This 45-minute beast was given to GAME and Electronics Boutique customers to hype up the GameCube. Give it a whirl and see if it gets your blood pumping 16 years later.
Since I’m still working on a big Secret Project™ that’s been taking up the vast majority of my writing time, I’ve had to think of a better way to review games (which I still enjoy doing in my downtime).
Here, then, is the first in a regular series of review round-up videos, in which I’ll give you small reviews of a bunch of newly released games.
Most professional video reviews on YouTube are scripted, to ensure the reviewer gets across the points they want to make. Since I hate doing that fake radio-style YouTuber voice (trust me, I’ve tried it), these videos will be completely unscripted and I’ll be talking about them normally.
Think of them as a podcast that focuses on game reviews, complete with footage. Here’s episode 1: there’s more information underneath the video.
Well, 2017 is finally coming to an end, and you know what that means: it’s time for every video game site to give its end-of-year awards.
I mean, it would be if most of them hadn’t already posted their awards in early December so they could all enjoy well-deserved Christmas breaks.
Not yer man Scullion. I’ve waited until the very last minute to give you my picks for the year, because I’m fashionably late like that.
Let’s face it, by now you’ve probably seen a million articles with awards for ‘Best Racing Game’, ‘Best PlayStation Game’ and the like being given out. Me adding my own to the mix would be about as effective as flicking a box of matches into an active volcano.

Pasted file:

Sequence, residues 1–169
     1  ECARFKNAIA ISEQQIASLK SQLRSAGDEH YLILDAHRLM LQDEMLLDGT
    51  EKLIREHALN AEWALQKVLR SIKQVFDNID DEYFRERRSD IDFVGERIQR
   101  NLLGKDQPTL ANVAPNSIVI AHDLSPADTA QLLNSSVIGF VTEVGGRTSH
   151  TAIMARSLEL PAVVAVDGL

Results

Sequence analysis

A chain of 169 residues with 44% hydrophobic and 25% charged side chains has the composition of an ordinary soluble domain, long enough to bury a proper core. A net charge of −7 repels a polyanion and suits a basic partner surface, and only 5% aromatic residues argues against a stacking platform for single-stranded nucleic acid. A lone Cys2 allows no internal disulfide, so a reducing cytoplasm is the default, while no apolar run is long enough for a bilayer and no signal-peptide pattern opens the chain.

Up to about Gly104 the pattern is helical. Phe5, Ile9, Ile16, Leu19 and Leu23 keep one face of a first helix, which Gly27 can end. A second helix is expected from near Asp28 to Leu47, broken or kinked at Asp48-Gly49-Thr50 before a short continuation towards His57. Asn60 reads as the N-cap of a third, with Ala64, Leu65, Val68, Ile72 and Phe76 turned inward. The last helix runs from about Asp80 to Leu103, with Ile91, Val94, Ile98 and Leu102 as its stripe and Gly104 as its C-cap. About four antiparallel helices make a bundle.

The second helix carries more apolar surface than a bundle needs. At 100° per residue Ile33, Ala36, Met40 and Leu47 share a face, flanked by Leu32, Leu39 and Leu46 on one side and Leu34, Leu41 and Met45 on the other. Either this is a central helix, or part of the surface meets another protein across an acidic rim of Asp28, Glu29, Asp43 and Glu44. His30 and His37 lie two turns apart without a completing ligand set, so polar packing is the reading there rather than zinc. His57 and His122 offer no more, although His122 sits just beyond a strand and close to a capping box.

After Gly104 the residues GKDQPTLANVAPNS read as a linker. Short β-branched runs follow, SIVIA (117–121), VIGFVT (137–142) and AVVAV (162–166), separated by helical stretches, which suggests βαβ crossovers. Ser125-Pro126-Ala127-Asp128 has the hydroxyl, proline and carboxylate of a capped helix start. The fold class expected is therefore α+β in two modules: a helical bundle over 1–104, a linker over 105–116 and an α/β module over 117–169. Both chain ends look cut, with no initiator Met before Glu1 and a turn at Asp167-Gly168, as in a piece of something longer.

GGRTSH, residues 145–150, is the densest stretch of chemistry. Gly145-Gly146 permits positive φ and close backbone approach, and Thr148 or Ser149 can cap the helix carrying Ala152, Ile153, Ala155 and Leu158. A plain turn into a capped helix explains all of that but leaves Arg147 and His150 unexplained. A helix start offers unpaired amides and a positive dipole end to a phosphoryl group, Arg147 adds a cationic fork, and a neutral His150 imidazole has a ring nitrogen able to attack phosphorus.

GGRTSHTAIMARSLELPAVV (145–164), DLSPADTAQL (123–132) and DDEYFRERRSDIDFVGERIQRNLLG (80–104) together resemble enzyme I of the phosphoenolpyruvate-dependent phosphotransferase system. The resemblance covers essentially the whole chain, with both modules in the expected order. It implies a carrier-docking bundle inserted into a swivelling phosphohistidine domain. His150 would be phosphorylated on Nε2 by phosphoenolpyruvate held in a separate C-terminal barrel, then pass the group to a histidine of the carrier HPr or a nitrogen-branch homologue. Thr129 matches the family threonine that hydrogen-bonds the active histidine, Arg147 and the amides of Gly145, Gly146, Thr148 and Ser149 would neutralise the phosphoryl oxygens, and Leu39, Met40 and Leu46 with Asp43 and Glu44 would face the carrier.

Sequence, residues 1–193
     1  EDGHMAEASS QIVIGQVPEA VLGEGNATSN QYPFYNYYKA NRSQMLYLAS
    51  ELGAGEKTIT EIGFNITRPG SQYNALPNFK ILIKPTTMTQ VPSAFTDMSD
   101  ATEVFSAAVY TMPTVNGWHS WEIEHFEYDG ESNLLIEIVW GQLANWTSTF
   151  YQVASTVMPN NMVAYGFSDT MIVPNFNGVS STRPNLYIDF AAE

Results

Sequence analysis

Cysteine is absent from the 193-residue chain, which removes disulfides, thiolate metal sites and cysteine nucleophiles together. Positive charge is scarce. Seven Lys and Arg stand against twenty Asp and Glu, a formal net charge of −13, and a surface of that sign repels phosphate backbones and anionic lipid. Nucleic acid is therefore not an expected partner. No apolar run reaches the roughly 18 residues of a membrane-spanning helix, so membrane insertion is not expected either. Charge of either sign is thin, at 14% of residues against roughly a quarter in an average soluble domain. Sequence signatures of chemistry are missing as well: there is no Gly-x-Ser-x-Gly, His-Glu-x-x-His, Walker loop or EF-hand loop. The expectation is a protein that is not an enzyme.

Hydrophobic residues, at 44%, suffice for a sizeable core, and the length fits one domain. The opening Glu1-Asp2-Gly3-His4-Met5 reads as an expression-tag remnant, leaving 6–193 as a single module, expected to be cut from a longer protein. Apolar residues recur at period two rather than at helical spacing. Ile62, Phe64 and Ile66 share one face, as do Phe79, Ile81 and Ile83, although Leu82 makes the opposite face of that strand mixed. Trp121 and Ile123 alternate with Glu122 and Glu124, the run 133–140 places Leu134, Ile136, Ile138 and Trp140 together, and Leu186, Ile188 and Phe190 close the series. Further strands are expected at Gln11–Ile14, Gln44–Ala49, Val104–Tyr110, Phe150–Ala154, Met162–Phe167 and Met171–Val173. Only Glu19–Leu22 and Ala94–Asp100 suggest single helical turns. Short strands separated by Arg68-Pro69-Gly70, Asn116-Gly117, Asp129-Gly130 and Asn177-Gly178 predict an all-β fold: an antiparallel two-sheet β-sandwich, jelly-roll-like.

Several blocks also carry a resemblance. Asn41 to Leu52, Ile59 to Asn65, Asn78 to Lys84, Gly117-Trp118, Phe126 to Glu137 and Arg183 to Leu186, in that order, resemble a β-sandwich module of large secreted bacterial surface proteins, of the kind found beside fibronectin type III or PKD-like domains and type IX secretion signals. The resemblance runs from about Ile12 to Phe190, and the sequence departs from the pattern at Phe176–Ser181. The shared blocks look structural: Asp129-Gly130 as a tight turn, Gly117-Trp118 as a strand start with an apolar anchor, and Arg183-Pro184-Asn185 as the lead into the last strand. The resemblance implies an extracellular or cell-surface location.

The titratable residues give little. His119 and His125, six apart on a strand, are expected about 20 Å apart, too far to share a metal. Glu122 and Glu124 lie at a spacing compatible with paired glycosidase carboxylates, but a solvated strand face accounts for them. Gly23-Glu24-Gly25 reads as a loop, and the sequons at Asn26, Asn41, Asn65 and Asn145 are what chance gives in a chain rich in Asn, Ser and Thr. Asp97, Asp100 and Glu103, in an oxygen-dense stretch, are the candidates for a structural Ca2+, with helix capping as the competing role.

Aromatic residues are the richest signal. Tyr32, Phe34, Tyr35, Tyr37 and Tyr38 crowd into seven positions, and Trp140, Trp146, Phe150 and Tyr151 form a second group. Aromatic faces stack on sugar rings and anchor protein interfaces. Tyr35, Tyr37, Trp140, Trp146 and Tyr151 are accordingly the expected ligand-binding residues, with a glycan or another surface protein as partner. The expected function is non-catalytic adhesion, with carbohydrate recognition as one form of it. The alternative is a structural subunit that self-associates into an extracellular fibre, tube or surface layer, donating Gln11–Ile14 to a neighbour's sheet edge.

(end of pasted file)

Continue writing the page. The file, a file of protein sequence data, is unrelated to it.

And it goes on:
So here, then, are the Tired Old Hack Alternative Game Of The Year Awards 2017, many of which are slightly less conventional than you may be used to. Enjoy. Continue reading “The Tired Old Hack Alternative Game Of The Year Awards 2017”
Pinball FX 3 launched on the Switch last week, giving pinball fans a whole wealth of flipper-based goodness on their grey / red-and-blue / yellow / pink and green baby (delete as applicable).
The base game is free to download, and comes with one free table, Sorcerer’s Lair.
However, there are also 29 other DLC tables that are available for purchase. While a couple of these – Portal and The Walking Dead – are standalone one-off tables, the others come in packs of two, three or four tables.
Because Pinball FX 3 tables feature things no real-life tables can (like CG characters walking around and hidden sections opening up to reveal mini-tables), each varies wildly in style and as such it’s unlikely that all 30 will appeal to you.
To make life easier, then, I’ve put together this enormous video showing around a minute of footage for every single table in the game, so you can see what’s on offer and better choose which tables take your fancy. Continue reading “Pinball FX 3 on Switch – all 30 launch tables in one video”
Nintendo / Monolith Soft
Back in 2010, the first Xenoblade Chronicles launched in Japan. The UK got it a year later, but North American audiences were annoyed that they seemingly weren’t getting a sniff.
This resulted in Operation Rainfall, a protest campaign run by US gamers who wanted to see Xenoblade Chronicles (as well as The Last Story and Pandora’s Tower) released in their region.
Eventually, nearly two years after it launched in Japan, Xenoblade Chronicles was finally released in the US. Nowadays, though, it’s a different story.